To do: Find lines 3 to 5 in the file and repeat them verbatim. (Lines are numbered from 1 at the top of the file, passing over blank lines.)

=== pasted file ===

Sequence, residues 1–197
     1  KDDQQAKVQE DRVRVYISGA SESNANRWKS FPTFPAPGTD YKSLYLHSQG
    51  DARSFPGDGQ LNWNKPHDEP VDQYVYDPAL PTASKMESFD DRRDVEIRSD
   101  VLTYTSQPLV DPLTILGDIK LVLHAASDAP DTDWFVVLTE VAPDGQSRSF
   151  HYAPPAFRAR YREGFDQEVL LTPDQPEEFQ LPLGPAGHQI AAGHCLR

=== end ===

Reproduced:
    51  DARSFPGDGQ LNWNKPHDEP VDQYVYDPAL PTASKMESFD DRRDVEIRSD
   101  VLTYTSQPLV DPLTILGDIK LVLHAASDAP DTDWFVVLTE VAPDGQSRSF
   151  HYAPPAFRAR YREGFDQEVL LTPDQPEEFQ LPLGPAGHQI AAGHCLR